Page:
By Ken Hart
I’m nearly done reading a great book from last year, Washington’s Crossing by David Hackett Fischer. A few things pop right out:
1. George Washington was a goddamn two-fisted action hero. The first-person accounts of his leadership and valor in battle are amazing and fill you with patriotic pride.
2. My resident state of New Jersey is brimming with American history -- a fact unknown to many New Jerseyans.
3. The British sure used a LOT of mercenaries.
To bolster its own army in the early days of the Revolutionary War, England chose a familiar path: It hired soldiers from Germany, mostly from the state of Hesse-Kassel. They made up about one-quarter of the British forces. Most of the Hessians were professional soldiers; others were unwillingly dragged into service by press gangs.
Regardless, these men fought bravely, by most accounts. Even Washington thought so. But after winning its independence, the United States chose not to adopt the British model. Despite the many wars that followed, America – to my knowledge – has never hired thousands of mercenaries to take the place of its soldiers in the front lines of battle.
Until now. And that brings us to Iraq. There are approximately 10,000 “private security” people in that country. About one-tenth of those are from Blackwater.
I’m not going to go into the details of the disputed shooting of civilians by Blackwater personnel on September 16. (You can get the latest info here.) Let’s fast-forward to yesterday’s House testimony by Blackwater founder and chairman Erik Prince, who criticized the description of his soldiers-for-hire as mercenaries:
"A lot of people call us mercenaries," he added. "We are Americans, working for Americans, protecting Americans."
Here’s the Webster’s definition of “mercenary”:
one that serves merely for wages; especially : a soldier hired into foreign service
Hmmm, interesting. But you know, I should check with the British – after all, they have more historical experience than we do. The Cambridge Dictionary defines “mercenary” as:
a soldier who fights for any country or group that pays them
Wow, now that’s what I love about the British – no ambiguity! Blackwater’s Prince tried to push the distinction that his men are “contractors,” not “mercenaries,” but the English language – and common sense – show that he’s blowing gunsmoke.
Still, if Blackwater were following military rules of engagement and if they had fairly secured this lucrative gig of protecting State Department personnel (Blackwater receives $1.1 billion in federal contracts), then what’s the harm, right? Well, unfortunately, it seems they’re not beholden to any legal rules. The U.S. government says that Blackwater doesn’t have to answer to Iraqi “justice” (such as it is) for the incident, and neither do Blackwater and its employees appear to be in any legal trouble in America over the September 16 shooting. This is partially due to the fact that U.S. laws regarding merce... I mean, “private security contractors” are murky. That needs to change.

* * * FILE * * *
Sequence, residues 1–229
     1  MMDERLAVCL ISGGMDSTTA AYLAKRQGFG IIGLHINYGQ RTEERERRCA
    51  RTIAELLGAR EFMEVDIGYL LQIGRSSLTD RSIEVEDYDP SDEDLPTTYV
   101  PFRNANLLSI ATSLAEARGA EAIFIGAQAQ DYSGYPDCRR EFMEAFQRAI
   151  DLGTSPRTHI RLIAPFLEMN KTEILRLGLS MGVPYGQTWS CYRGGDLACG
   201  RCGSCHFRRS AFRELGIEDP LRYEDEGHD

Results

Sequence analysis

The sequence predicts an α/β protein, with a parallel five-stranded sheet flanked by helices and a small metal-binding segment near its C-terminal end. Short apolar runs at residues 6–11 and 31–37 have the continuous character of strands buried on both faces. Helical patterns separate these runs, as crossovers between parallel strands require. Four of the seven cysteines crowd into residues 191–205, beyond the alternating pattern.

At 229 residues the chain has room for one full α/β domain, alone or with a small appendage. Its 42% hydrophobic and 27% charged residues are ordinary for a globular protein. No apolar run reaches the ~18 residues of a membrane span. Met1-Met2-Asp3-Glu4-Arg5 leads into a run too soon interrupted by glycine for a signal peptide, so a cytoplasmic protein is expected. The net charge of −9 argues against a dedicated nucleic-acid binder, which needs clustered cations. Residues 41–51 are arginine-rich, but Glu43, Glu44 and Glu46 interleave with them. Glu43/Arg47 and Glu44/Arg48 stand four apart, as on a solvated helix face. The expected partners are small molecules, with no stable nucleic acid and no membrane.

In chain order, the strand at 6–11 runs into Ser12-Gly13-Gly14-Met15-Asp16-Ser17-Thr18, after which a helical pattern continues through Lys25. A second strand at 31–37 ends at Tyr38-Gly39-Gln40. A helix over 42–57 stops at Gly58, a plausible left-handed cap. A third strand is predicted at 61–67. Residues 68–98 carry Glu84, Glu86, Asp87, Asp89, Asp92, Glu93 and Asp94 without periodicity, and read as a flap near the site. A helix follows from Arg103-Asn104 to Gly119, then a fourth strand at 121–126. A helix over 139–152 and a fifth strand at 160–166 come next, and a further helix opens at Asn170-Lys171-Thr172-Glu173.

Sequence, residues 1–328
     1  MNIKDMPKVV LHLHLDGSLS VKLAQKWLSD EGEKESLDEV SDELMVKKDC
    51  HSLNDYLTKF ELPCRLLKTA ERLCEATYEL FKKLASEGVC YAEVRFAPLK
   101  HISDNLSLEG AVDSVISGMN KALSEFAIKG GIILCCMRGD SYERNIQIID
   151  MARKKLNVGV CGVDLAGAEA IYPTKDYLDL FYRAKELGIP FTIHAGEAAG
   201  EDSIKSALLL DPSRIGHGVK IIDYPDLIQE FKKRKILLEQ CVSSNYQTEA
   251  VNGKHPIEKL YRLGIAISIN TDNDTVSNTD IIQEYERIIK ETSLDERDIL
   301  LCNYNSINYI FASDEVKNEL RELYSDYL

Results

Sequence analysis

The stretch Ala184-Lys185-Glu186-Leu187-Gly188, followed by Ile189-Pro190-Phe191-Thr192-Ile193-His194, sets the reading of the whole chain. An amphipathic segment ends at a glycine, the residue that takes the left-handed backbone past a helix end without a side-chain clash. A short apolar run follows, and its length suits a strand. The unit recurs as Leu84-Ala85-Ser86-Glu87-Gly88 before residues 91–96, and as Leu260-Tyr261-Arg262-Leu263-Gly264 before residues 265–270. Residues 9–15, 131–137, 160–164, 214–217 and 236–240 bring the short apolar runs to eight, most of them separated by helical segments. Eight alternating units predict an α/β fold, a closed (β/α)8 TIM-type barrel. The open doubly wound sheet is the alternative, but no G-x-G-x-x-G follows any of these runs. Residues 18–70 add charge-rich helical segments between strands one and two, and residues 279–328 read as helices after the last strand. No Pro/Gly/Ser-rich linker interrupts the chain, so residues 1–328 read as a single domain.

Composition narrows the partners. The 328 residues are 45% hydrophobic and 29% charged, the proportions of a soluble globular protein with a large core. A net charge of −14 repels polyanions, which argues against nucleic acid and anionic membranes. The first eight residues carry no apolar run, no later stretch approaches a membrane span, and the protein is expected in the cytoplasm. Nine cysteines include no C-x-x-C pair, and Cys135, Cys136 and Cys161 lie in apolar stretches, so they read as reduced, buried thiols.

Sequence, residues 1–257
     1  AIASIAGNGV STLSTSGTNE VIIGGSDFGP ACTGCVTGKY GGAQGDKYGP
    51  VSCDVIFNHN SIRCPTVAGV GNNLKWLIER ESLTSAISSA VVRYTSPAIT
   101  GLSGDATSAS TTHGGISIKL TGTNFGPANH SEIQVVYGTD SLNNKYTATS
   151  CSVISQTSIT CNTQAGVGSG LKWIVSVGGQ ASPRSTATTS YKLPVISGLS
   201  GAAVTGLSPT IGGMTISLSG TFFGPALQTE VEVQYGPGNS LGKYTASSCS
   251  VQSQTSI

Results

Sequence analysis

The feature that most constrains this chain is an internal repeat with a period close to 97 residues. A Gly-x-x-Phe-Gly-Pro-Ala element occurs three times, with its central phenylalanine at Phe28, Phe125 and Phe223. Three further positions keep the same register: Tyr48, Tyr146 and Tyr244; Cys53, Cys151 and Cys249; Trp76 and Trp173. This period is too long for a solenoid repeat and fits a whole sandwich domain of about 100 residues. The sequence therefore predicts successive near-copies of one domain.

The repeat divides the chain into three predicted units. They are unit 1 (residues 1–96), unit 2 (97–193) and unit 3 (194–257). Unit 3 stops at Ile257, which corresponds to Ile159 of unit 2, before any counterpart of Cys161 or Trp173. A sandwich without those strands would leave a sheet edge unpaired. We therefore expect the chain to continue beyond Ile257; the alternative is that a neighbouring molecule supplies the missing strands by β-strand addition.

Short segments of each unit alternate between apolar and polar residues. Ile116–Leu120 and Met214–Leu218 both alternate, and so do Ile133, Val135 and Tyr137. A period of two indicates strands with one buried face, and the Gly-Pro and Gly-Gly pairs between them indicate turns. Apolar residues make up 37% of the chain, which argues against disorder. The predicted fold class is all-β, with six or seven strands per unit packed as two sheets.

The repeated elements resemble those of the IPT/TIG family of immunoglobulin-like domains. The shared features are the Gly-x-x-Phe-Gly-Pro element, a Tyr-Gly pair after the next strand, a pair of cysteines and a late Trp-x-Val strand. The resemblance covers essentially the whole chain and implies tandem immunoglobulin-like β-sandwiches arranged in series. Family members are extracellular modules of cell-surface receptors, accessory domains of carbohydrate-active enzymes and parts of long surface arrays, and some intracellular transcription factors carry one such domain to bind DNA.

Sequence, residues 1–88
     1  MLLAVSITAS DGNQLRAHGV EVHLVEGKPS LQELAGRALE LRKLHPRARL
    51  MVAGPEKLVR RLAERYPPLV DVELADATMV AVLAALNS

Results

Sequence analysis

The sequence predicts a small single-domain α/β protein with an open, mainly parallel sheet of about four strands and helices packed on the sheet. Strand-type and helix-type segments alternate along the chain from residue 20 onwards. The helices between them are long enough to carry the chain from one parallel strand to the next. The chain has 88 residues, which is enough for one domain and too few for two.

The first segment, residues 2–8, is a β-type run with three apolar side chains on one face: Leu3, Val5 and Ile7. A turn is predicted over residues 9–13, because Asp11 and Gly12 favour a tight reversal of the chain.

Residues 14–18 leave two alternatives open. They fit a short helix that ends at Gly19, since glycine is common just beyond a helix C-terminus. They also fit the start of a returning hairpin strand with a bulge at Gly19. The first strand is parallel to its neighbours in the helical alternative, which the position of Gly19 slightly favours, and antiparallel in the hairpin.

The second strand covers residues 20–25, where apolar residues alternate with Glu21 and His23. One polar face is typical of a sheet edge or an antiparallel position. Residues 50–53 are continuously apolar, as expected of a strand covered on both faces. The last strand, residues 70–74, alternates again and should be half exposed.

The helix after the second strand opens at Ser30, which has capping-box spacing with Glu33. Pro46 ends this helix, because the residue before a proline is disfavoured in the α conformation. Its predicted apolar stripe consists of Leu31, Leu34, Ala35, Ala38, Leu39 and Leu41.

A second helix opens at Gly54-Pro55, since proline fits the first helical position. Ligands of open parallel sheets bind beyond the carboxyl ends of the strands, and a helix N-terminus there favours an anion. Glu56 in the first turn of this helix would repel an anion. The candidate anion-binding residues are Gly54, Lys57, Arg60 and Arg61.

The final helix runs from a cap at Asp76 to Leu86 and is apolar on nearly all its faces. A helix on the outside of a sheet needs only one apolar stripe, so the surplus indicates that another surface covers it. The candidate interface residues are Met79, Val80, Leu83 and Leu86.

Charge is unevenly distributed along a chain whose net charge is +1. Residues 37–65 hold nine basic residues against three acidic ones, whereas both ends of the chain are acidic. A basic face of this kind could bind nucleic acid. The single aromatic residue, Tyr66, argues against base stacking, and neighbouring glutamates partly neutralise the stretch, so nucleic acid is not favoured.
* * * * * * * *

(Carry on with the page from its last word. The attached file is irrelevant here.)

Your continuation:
As for how it got the Iraq job in the first place, no surprises here: Like Halliburton, another heavy contributor to GOP coffers, Blackwater was given a no-bid contract. And like Halliburton, Blackwater is embarrassing the U.S. and causing problems for our troops with its arrogance. In addition to the political contributions, the Bush Administration put companies like Blackwater to work because then-Secretary of Defense Donald Rumsfeld was determined to win the Iraq conflict on the cheap, i.e., if fewer actual troops were involved, then he could juggle the numbers and his dream of a lighter, faster, cheaper (but not necessarily better) military would be realized. And that was fine with the White House, since fewer actual soldiers in harm’s way back then would mean fewer U.S. military deaths and less pressure back home.
It doesn’t seem to have worked out all that well.
Wednesday, October 3, 2007
By Ken Hart